Bob Law

Drawing 4.6.71


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Not on display

Bob Law 1934–2004
Graphite on paper
Support: 1530 × 2042 mm
Purchased 1973

Display caption

Bob Law believed he would be able to convey his relationship with the natural world more accurately by eliminating all representation from his work.

This drawing derives from Law’s early ‘field’ drawings which he began to produce in 1959. These were made while, or immediately after, the artist lay in fields, prompted by what he has described as mystical moments of ecstasy. They are an attempt to communicate the spiritual dimension of Law’s experience of direct contact with nature and the environment.

Gallery label, September 2004

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Catalogue entry

Robert Law 1934-2004

T01806 Drawing 4.6.71 1971

Inscribed ‘4.6.71’ b.r., ‘Bob Law 4.6.71’ on the reverse.
Graphite on paper, 60¼ x 80¿ (153x204).
Paper embossed ‘MINDPROPERTY CO.’ b.r.
Purchased from the artist (Grant-in-Aid) 1973.
Exh: Seveti Exhibitions, Tate Gallery, London, February–March 1972 (no catalogue); 7aus London, Kunsthalle, Bern, January–February 1973 (14).

Although the artist had ‘always wanted to do large drawings, they were impractical’ and T01774 and T01775 were the largest he made until 1971.

T01806 was the second in a series of eight very large drawings made between June 1971 and February 1972.

Drawing 2.6.71, 6o¼ x 80¾ in.
Drawing 4.6.71, 6o¼ x 80¼ in.
Drawing, 20.7.71, 60 x 80 in.
Drawing 4.8.71, 60 x 80 in.
Drawing 15.9.71, 60 x 80 in.
Drawing 5.2.72, 60 x 80 in.
Drawing 1.2.72, 60 x 80 in.
Drawing 10.2.72, 60 x 80 in.

All eight drawings were made with a graphite stick on cartridge paper of two weights: the first, second and sixth on 60 lb. paper, the rest on 90 lb. The initial incentive to make the drawings was due to the artist’s discovery that cartridge paper could be bought in large rolls thus enabling him to make large drawings without joining small pieces of paper together. This discovery, the artist recalled, was made in relation to the work he was doing on ‘1 to 1,000,000 Drawing—Art for All’ (first installed in the Lisson Gallery, 15 December 1970) which demanded a length of paper which could be gradually rolled from one spool to another. The lightweight paper (60 lb.) was used for the drawing machine. Having made the first two large drawings, a friend then gave the artist a roll of the heavier cartridge paper to complete the series.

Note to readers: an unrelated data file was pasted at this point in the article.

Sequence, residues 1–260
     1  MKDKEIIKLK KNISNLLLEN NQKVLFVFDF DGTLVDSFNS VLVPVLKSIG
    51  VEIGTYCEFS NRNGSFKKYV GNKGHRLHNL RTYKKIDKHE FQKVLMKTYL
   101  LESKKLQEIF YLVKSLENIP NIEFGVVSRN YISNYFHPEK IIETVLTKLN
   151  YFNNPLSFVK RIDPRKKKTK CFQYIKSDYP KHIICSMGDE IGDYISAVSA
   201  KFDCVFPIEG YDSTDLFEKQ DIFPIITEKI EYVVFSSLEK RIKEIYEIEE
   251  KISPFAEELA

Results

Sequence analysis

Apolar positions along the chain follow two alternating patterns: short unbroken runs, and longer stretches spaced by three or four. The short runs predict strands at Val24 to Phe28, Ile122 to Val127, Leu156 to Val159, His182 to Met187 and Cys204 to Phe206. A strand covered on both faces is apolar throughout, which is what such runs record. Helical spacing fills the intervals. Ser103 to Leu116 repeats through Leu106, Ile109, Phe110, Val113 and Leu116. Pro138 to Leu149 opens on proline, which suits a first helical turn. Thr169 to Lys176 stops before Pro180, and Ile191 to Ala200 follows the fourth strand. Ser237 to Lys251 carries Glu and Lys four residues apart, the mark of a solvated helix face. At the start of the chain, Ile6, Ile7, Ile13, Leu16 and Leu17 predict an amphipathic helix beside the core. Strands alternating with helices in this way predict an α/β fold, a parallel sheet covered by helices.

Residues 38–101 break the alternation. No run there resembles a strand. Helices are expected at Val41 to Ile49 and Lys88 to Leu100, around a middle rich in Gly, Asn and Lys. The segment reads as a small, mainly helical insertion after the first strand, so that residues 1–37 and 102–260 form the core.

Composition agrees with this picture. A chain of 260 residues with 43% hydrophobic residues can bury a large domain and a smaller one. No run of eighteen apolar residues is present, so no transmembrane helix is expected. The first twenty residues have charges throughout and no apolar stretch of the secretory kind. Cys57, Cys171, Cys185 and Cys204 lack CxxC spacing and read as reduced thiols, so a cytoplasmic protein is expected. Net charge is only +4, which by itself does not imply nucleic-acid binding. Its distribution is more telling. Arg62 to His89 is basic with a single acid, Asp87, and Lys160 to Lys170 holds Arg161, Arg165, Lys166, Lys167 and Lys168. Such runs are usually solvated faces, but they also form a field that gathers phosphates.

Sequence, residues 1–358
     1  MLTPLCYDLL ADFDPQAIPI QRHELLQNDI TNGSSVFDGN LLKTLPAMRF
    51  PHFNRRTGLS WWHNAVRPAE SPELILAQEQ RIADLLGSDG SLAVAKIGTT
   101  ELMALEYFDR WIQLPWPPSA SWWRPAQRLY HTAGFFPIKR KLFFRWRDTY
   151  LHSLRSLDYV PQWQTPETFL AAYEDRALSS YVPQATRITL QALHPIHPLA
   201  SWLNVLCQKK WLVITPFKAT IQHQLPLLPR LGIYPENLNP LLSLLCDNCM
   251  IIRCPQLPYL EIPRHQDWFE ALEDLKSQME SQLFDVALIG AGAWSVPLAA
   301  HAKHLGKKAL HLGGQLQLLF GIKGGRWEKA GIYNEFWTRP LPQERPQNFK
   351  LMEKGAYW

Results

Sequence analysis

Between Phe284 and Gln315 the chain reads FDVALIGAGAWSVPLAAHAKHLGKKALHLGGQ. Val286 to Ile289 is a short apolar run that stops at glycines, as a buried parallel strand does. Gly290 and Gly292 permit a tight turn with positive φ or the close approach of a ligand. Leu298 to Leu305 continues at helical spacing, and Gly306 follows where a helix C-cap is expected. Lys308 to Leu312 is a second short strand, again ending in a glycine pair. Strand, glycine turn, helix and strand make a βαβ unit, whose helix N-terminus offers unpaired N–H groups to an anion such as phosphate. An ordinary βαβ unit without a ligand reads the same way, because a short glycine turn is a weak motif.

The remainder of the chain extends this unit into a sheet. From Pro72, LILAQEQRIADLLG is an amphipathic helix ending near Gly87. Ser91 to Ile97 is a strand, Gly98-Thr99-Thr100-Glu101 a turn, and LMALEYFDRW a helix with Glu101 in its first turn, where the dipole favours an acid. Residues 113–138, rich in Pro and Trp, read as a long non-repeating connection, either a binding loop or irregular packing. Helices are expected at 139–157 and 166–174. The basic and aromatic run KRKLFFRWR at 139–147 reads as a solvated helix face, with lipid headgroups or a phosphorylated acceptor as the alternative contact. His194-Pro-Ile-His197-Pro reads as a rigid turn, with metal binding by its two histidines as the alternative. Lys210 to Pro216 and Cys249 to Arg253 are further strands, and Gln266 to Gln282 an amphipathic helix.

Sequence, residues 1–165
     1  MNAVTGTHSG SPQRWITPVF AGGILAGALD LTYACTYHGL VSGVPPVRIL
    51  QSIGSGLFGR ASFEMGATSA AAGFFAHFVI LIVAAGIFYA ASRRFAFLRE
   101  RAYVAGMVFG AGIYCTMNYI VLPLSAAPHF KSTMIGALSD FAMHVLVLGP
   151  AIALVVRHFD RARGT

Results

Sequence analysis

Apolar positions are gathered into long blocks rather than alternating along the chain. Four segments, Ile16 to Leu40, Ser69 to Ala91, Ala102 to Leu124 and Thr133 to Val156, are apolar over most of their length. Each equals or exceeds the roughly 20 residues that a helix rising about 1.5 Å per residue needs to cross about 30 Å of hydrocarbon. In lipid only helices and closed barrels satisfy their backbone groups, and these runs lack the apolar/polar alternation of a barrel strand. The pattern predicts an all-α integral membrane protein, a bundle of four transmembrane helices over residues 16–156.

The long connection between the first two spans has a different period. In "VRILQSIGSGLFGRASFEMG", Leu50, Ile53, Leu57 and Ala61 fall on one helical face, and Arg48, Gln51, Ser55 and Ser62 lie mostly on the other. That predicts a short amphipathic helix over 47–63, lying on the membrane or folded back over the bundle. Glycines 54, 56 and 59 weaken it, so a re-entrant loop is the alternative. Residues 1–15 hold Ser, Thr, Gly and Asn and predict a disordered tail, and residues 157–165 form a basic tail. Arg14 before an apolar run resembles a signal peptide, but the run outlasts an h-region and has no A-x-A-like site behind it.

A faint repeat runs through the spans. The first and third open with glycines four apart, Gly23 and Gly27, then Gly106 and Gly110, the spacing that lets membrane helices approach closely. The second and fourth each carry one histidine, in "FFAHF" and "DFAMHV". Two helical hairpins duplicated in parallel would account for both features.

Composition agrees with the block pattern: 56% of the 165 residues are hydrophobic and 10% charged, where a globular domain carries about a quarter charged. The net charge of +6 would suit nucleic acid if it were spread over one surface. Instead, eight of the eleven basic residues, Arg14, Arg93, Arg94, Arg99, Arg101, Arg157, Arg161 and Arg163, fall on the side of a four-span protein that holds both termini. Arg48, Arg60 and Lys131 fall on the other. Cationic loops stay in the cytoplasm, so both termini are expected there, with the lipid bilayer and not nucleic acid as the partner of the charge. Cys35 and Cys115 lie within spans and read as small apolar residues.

As with T01774 and T01775, the folds were for practical considerations as the artist states in a letter (15 October 1973):‘The original idea of folds came from the necessity of making large drawings but without the expense of huge pieces of glass and the difficulties of transportation, so I divided the paper into a proportion of 3 folds x 4 folds making a natural nail fixing point at each fold around the edge. I then reinforced each fixing point with white linen tape. Each time the drawing was hung the tape was replaced, this was of course to eliminate a series of tatty holes from previous hangings.’

After the paper has been folded, it is unfolded and tacked to the wall or laid down on the floor. Although when drawing with the graphite stick the artist restricts himself to smallish areas, they are not carefully marked out, neither do they conform to the areas of the folded squares. T01806 was drawn with the paper pinned to the wall, the texture of which is visible in the drawing.

Graphite stick was used for practical reasons, since it does not have to be sharpened continually like a pencil and for the quality of the colour giving ‘a more intense, blacker black.’

Making the drawings was physically taxing and each one ‘took a day or two’ to make. The quality of the surface was important, each drawing in the series ‘exploring different tones’. In the process of drawing and while resting, the artist would step back from the drawing to see which areas were lighter and needed more work and so forth. They were not made like the early ones in a spontaneous fashion, the artist knowing what effect he wanted before starting.

This series constitutes the last drawings of this kind that the artist has made.

Published in The Tate Gallery Report 1972–1974, London 1975.

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